Charles Fain Lehman of the Washington Free Beacon analyzes the larger implications of an important West Coast election.

San Francisco district attorney and George Soros darling Chesa Boudin went down in flames Tuesday evening, recalled by double-digits in ultra-liberal San Francisco, a far larger margin than the less than 2 percent of voters who carried him to victory three years ago.

Tuesday’s outcome tracks months of polling showing San Franciscans’ opposition to Boudin, with the recall consistently commanding a large advantage, and even a Boudin campaign poll showing a tied race. The result also follows voters’ decision to recall three ultra-woke school board members, with whose progressive project Boudin is often identified. The San Francisco Chronicle projected that Boudin would be removed within minutes of the polls closing on Tuesday night.

Boudin’s defeat will likely be seen as part of a broader backlash against criminal justice progressivism—one that has installed Democratic New York City mayor Eric Adams in Gracie Mansion, put moderate Rick Caruso neck and neck with far-left Karen Bass for the mayoralty of Los Angeles, and produced an about-face from municipal Democrats across the country. This backlash is a response to surging violent crime rates, which spiked in the wake of the “Defund the Police” movement and has driven the homicide rate to record highs.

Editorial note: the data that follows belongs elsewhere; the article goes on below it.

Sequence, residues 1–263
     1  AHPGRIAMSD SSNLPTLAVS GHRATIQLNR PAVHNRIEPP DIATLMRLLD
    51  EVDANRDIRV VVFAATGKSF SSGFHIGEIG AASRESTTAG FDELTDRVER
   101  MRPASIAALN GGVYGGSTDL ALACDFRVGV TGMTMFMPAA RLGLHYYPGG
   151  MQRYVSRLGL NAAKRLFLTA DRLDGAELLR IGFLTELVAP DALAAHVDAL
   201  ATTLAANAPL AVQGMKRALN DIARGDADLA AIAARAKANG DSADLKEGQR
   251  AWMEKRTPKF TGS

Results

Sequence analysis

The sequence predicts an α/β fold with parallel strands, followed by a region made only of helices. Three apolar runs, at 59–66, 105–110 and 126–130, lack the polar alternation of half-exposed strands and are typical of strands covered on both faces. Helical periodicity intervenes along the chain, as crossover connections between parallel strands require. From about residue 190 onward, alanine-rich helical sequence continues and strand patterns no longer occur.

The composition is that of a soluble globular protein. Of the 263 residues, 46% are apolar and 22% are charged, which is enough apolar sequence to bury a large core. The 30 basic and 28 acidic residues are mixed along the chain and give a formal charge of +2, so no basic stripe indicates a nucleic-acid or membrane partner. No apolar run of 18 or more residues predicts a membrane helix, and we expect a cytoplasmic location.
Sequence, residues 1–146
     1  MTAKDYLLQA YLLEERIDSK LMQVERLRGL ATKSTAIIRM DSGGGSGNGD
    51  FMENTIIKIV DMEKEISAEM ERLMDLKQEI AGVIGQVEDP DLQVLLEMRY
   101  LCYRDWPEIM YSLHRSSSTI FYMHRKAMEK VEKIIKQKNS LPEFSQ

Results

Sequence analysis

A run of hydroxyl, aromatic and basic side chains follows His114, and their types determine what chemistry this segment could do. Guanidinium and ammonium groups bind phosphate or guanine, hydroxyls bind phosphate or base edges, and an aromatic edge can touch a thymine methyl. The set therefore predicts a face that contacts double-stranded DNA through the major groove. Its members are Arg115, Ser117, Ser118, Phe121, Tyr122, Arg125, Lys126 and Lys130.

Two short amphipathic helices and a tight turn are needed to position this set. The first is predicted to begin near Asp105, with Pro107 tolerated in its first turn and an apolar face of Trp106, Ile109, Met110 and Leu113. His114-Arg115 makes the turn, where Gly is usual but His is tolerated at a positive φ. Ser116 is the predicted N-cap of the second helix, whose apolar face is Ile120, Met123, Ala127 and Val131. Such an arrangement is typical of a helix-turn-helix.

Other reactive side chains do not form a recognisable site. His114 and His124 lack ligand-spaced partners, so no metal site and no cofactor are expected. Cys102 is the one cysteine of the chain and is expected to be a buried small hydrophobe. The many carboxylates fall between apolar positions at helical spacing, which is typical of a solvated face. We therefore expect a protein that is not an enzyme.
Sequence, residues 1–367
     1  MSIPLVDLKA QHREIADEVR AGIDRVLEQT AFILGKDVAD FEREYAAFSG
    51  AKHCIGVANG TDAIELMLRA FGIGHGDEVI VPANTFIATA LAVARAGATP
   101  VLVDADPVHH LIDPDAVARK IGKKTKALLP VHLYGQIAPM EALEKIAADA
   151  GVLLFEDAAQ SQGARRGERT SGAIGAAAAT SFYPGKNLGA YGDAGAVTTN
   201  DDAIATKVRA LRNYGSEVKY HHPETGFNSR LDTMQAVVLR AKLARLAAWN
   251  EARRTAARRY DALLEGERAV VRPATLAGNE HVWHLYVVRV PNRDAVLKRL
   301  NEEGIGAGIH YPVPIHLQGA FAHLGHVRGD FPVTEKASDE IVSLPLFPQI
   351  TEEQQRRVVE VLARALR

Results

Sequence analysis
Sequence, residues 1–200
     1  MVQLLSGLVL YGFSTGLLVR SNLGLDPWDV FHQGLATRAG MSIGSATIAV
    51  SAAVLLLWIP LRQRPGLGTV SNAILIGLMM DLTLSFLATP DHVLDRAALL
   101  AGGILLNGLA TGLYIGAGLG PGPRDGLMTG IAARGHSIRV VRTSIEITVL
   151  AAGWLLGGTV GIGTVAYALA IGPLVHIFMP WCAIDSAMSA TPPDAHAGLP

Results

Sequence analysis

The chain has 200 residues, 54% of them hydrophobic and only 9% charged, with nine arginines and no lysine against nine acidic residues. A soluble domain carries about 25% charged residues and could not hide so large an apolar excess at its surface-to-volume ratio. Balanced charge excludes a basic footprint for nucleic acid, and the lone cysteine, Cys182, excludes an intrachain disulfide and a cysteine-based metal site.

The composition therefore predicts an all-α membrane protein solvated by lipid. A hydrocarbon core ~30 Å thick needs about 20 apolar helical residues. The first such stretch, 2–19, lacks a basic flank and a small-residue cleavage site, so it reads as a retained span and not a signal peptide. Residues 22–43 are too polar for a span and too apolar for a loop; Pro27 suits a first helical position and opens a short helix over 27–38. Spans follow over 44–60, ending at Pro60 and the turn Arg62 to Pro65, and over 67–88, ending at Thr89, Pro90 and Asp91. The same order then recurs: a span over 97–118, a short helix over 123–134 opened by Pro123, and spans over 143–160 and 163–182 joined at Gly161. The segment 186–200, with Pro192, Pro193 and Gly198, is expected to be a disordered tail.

Though this movement is doubtless part of Boudin’s loss, Tuesday’s results tell us something else. Specifically, San Francisco voters were responding not so much to violent crime—with which the city has struggled less than others—as to disorder, which has become rampant. Boudin’s now-former jurisdiction has become infamous for rapidly growing homelessness, public defecation, and organized shoplifting which has shuttered some retailers. The situation has become so hostile that numerous companies have decamped to redder states, citing relative quality of life.